Though Tunisia is a thriving, forward-looking society, its health-care system does not yet match that of most western countries. Also, expats from western countries should take note that the vast majority of staff in most public hospitals will not speak fluent English, and so communicating in French or Arabic will be the only option. Public hospitals are often overcrowded and have low quality equipment.
As you have to pay for treatment in hospitals, it is strongly advised that anybody living in Tunisia takes out some solid private health insurance. At private clinics, it is much easier to find English speaking physicians and the quality of specialized facilities will be much higher.
While the built-up areas of Tunis, Sfax, and Sousse all boast well paved roads, the same cannot be said for many smaller towns or the rural parts of the country. Step away from the more populated areas and expect to find extremely hazardous driving conditions, animals on the road, and no lights once the sun goes down. If you are planning any kind of road trip through desert areas, be sure you notify the authorities in advance.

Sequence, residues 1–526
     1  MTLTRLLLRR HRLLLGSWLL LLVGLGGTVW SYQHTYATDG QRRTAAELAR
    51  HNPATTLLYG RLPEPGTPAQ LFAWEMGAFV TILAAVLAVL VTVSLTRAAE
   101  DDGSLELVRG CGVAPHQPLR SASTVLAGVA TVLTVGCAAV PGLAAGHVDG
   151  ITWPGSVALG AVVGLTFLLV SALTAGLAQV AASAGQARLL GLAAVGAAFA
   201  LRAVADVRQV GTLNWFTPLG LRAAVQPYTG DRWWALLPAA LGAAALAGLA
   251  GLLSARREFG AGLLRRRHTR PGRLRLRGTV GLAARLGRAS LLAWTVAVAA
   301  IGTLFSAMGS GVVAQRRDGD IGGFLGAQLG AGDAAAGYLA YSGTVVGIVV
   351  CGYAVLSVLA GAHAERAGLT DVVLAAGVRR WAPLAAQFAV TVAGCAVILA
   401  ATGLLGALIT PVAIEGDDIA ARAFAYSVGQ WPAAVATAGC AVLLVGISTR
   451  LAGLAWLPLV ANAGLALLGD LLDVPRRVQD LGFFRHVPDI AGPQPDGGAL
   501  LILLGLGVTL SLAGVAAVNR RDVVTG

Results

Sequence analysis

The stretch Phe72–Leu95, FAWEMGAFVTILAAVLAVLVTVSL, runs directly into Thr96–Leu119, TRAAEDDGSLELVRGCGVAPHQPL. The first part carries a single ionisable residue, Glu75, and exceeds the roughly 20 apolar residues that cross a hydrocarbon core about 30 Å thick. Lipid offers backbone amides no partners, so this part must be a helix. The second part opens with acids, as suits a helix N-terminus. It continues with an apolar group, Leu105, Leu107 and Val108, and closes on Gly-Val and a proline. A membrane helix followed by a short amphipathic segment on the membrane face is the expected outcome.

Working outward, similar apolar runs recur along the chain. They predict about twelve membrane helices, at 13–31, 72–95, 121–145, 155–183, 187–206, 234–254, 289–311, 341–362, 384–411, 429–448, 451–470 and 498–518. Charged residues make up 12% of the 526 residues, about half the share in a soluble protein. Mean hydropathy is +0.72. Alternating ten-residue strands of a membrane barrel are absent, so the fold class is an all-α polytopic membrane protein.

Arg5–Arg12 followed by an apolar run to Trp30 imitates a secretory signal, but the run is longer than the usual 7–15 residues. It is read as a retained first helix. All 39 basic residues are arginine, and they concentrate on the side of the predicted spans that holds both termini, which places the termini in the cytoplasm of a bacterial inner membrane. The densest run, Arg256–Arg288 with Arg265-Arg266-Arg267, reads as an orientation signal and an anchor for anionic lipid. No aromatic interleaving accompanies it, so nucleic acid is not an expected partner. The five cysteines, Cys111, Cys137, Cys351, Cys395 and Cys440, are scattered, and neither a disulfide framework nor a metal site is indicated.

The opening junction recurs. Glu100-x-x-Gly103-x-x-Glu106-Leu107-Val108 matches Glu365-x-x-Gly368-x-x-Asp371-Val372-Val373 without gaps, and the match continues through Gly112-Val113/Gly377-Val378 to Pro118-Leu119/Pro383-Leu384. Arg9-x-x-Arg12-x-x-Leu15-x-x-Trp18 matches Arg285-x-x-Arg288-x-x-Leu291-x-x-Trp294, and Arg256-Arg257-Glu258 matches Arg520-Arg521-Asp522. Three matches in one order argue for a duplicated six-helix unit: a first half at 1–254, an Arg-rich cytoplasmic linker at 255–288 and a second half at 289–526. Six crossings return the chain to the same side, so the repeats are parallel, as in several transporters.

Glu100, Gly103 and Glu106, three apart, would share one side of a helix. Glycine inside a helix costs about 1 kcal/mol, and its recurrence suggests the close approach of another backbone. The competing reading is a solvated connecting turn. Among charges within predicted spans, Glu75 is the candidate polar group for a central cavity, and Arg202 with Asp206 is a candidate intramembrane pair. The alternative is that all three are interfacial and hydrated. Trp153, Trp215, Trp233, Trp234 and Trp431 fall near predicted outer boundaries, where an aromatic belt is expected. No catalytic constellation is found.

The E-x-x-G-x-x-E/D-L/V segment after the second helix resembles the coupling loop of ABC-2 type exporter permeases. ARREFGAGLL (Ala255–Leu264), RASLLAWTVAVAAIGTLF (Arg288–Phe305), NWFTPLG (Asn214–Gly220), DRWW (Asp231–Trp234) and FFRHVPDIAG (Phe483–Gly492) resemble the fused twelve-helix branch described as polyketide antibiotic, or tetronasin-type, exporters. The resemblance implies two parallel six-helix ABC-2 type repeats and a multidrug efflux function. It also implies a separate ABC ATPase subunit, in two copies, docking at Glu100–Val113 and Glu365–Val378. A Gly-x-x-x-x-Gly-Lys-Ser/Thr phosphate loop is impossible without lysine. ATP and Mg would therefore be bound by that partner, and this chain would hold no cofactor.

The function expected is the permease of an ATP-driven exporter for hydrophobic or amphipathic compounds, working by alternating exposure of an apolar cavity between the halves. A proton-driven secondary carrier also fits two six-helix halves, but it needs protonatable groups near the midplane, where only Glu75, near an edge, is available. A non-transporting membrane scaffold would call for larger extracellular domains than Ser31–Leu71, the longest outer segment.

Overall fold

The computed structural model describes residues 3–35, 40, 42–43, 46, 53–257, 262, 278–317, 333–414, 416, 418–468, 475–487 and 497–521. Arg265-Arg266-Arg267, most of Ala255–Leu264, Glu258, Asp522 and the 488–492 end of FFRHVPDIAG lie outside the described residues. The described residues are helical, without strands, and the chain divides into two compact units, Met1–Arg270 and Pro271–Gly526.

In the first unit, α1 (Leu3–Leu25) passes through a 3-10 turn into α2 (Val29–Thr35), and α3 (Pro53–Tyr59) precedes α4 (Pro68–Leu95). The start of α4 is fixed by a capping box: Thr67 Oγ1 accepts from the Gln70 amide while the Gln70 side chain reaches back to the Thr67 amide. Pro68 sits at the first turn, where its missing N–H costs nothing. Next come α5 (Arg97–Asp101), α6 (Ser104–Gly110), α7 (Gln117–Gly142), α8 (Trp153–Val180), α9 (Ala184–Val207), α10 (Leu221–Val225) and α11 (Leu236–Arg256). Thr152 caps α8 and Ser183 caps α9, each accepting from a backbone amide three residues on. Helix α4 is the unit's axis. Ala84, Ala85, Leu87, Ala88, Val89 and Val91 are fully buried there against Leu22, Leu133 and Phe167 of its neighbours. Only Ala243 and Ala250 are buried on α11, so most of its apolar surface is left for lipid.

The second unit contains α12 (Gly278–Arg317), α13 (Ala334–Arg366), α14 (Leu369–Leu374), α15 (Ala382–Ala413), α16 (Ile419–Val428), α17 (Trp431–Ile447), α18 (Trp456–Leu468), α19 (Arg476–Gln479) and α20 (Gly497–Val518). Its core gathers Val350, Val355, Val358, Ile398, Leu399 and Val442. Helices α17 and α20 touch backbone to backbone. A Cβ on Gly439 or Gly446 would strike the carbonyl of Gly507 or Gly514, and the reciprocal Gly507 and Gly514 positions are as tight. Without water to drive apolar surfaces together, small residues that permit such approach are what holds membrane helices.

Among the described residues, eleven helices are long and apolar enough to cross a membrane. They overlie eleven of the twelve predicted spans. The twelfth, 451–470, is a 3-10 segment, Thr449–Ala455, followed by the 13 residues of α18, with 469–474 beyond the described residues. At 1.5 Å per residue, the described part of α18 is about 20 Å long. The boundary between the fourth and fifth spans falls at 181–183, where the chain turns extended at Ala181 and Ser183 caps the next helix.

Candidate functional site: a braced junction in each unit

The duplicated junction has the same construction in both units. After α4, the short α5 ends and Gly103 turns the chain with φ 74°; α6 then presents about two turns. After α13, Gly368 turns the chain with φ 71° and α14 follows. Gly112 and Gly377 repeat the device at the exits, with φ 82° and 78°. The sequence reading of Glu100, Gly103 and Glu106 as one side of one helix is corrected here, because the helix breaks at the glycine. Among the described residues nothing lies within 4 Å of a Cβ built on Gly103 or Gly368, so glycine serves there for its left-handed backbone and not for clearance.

On busier roads, defensive driving is a must. You should also note that the Tunisian police are pretty unpredictable when it comes to pulling people over. Just make sure you comply, whether you think you did something wrong or not. You can drive on an international license or exchange your national license for a local one if you are residing in Tunisia for a longer amount of time.
The national bus services are often a better way to get around, however. They are available both within cities and between cities, and are all very comfortable and cheap.
If you are staying outside of Tunisia's resorts and tourist hotspots, it is advisable to be cautious. For foreigners that live in Tunisia, the main risks are theft-related — i.e. pick pocketing and mugging. Female expats should be careful with their handbags and purses, while men should be careful with where they flash their wallets.
Unfortunately, street harassment of females is a problem in Tunisia. Though there are no religious restrictions on how women dress, clothing that shows a lot of skin can attract negative attention. Another problem is kidnapping, a crime that targets both natives and expats. The best advice is to stick to the busy areas, where there is generally a noticeably high police presence.